She performed with the best. As Lottie rattles off the list of musicians she co-starred with over the years, it sounds like a wing from the Hall of Fame: T-Bone Walker, B.B. King, Billie Holiday, Maurice Taylor, Solomon Burke; at places like the Flame Show Bar, the National Theater on Monroe Street, the Brass Rail on Adams, the Elmwood Casino in Windsor — all now reduced to flickering memories, decaying ghosts or weedy parking lots.

Back then, strippers preferred to call themselves “exotic dancers,” a term that evoked an image of class and glamour. Burlesque generally referred to the vaudeville shows in theaters, which included comedians and chorus girls along with strippers — in other words, the package deal. There were also shake dancers, who shook but didn’t strip.

But the Body? The Body was her own category.

“Lottie was a star in her own right,” local historian Beatrice Buck recalls. “Some of them just took their clothes off, and Lottie was not that. Lottie was a dancer, and therein lies the difference.”

Motown giant Martha Reeves, also Lottie’s neighbor and friend, says, “She held her own. Lottie had skills that were superior to all of her competitors. She outdanced them all. She had body movements that only she could pull off, and very elaborate costumes. And I know she can still dance, and does a high kick that shows a lot of young ladies down.”

Lottie’s mastery of the tease led her to glamour, glitter and luxury. “Exotic dancing was classy,” Lottie says. “It was the top of the shelf, the Champagne of dance, with some of the most gorgeous women in the world, like Tempest Storm.

“I met her in L.A. and we worked together. You made very good money, and you weren’t looked down on. When you went into a hotel they brought in your luggage and there were flowers and Champagne in the room. They didn’t look down on you as a prostitute because you didn’t expose your body, you weren’t giving yourself away. You were representing yourself as an artist — it was show business!

“I’d travel from club to club and star with big artists. I had a lot of beaded long gowns. All my undergarments had rhinestones that were made in Montreal. I had this rhinestone bra and G-string, and when I hit the stage it would just light up.”

She gestures up toward imaginary stage lights, eyes twinkling.

“And on top of that was ostrich feathers — and feathers, and feathers, and feathers,” Lottie says. “And then one costume was all white fox that would just wrap around me over and over.”

But despite her star power, racism sometimes tarnished her charmed life, especially in white clubs. “It was never shown, but you could feel it,” she says. “I ignored it. And you know, anywhere you go in the world, you’re going to find it. So you overlooked it, because you’re the one up on that stage and they’re looking up at you, and if they don’t like it they can leave.”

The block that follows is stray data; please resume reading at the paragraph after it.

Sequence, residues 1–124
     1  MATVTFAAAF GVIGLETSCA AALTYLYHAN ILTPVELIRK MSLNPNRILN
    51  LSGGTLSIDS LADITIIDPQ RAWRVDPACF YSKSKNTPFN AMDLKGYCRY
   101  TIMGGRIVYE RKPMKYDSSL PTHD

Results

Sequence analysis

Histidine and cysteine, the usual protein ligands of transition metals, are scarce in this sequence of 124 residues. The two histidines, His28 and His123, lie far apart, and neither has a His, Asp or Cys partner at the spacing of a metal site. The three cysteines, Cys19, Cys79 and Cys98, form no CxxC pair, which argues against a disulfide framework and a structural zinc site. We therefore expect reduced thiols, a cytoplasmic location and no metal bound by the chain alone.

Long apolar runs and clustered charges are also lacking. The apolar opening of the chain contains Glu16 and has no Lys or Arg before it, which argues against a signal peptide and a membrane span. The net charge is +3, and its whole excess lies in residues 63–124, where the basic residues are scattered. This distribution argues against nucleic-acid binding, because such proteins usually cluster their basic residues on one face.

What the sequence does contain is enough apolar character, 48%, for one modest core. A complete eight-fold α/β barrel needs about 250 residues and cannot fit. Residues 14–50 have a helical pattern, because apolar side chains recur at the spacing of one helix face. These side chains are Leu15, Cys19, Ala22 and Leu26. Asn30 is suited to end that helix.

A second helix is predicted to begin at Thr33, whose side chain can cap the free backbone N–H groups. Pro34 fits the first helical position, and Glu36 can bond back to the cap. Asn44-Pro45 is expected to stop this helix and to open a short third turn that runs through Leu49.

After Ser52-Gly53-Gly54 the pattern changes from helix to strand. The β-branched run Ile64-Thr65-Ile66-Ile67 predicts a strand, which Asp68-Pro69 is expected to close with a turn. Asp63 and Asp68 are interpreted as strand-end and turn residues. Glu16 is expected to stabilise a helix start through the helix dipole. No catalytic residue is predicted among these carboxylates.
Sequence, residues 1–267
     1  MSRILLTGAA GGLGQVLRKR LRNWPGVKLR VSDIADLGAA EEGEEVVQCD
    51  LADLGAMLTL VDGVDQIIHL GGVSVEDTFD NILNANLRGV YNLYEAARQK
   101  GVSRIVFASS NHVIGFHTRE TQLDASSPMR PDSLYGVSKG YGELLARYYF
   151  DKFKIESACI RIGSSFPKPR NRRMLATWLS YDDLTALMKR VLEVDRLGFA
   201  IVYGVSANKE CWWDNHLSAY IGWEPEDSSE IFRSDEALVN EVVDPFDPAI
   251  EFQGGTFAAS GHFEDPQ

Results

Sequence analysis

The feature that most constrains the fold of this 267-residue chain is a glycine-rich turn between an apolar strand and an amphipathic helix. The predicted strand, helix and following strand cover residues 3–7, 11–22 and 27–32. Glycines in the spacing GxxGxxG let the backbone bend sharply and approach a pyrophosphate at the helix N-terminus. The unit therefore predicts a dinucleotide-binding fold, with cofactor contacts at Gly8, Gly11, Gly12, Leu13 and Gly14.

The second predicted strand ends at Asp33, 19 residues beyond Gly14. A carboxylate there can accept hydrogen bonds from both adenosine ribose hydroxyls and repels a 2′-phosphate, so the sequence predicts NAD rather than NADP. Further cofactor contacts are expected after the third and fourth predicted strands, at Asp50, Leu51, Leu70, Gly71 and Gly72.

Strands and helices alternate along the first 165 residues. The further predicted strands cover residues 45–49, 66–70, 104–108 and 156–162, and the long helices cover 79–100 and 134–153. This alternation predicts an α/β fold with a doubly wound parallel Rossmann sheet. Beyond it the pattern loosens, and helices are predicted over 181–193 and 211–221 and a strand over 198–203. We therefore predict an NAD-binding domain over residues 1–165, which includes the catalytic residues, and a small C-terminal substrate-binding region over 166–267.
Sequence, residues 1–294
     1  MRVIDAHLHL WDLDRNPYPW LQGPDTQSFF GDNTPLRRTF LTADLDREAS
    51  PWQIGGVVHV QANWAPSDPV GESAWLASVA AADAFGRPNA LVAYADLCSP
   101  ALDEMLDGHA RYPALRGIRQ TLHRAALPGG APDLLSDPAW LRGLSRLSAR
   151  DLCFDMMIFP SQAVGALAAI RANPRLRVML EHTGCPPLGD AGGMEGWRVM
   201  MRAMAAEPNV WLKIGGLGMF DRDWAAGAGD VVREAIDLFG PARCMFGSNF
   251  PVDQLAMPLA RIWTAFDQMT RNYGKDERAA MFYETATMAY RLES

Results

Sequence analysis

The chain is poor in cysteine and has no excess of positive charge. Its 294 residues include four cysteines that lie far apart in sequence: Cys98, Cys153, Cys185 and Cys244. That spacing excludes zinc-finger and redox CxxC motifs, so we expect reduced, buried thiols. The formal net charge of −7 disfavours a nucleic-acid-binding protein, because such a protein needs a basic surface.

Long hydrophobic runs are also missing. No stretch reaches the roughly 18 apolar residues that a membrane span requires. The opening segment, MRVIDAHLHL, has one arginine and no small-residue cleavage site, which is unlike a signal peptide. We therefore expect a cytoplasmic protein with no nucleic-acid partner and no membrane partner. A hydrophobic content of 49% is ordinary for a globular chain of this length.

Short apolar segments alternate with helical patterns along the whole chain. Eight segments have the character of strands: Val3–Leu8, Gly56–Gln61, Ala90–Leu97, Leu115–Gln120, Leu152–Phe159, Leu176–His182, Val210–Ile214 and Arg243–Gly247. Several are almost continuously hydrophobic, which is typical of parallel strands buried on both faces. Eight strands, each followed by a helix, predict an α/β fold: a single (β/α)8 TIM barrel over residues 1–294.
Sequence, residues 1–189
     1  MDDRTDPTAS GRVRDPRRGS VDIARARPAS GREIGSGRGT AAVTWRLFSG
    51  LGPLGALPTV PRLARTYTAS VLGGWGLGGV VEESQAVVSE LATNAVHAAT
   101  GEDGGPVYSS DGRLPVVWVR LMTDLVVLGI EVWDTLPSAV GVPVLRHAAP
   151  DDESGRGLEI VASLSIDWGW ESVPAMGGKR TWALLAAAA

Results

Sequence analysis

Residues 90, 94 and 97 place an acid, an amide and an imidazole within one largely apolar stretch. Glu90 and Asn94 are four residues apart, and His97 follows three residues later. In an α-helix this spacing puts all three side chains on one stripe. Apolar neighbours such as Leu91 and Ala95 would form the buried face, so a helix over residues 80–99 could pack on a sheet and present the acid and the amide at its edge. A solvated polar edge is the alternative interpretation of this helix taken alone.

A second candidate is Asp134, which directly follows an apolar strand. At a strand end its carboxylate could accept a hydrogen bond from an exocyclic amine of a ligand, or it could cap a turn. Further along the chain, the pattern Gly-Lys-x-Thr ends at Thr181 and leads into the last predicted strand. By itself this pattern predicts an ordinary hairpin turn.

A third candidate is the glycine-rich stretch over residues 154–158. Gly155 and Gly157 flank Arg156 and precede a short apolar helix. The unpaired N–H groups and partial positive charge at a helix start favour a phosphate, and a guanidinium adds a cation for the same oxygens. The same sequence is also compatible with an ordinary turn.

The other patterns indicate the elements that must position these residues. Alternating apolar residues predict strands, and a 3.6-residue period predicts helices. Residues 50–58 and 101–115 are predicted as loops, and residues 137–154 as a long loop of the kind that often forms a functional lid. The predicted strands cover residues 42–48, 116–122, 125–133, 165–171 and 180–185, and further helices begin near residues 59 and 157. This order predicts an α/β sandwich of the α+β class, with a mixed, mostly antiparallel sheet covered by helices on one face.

One time when she was performing outside of Boston, another dancer’s boyfriend refused to acknowledge that Lottie, a black dancer, was headlining the club. “So all the gangsters in Boston told him he could either accept it or pay them their money back,” she says.

“I was in Madawaska, Maine, and I think I was just about the only black person they’ve ever seen. I was walking down the street and the little children would say, ‘Mommy, look at the walking chocolate bar.’” Instead of bitterness, the moment triggers a flurry of infectious high-pitched laughter, as Lottie slaps her thigh.

The giggles continue as she recounts stripping bloopers. “Oh, my G-string popped. Yes, my bare hiney was out. And then there was the time my ponytail came off ...”

Inspired by all the reminiscing, Lottie disappears to dig through her closet. She returns with a billowing mass of ash-grey and white chiffon. It’s a sheer overcoat with armholes that snap around the neck. She demonstrates how to wear it, slipping it over her shoulders and launching into an impromptu dance routine in her living room.

She spins and the gown blossoms into a giant swishy flower of movement. Lottie starts up her own accompianment: “Da da, da da, ba dum dum da da!” She twirls, she winks coquettishly, she shimmies her shoulder and flutters her pointed toes with the elegance and effortless poise of a professional.

When she removes the garment, she sternly points with a manicured finger as she lectures sweetly, “You never throw your stuff on the floor.” Then she saunters off her makeshift stage, the filmy fabric clutched in one hand, trailing a wake of chiffon behind her.


Ellington’s Ecdysiast

Toni Elling was born and bred in Detroit. At 18, she was selling flowers at the swanky Gotham Hotel, and later went to work for the phone company as an operator. But after nine years there, she says racism prevented her from being promoted. So, in 1960, she became a stripper — at the age of 32.

Toni Elling is her stage name; she asked that her real name not be used since she now works as an aide in an elementary school. She’s not ashamed of her past — she’s quite proud of it — but worries that others may not see it the same way, given the negative connotations some associate with stripping today.

The midsummer humidity is unbearable, and Toni’s home on Detroit’s West Side — the decor monochromatically cream and white — is sweltering. Her collection of stuffed animals — she takes battered, abandoned ones from the street, cleans them up and gives them a home — are stationed in various corners of the room. Toni’s gray curls are pulled into a neat bun, and dots of moisture bead her forehead. She excuses herself to get a cloth.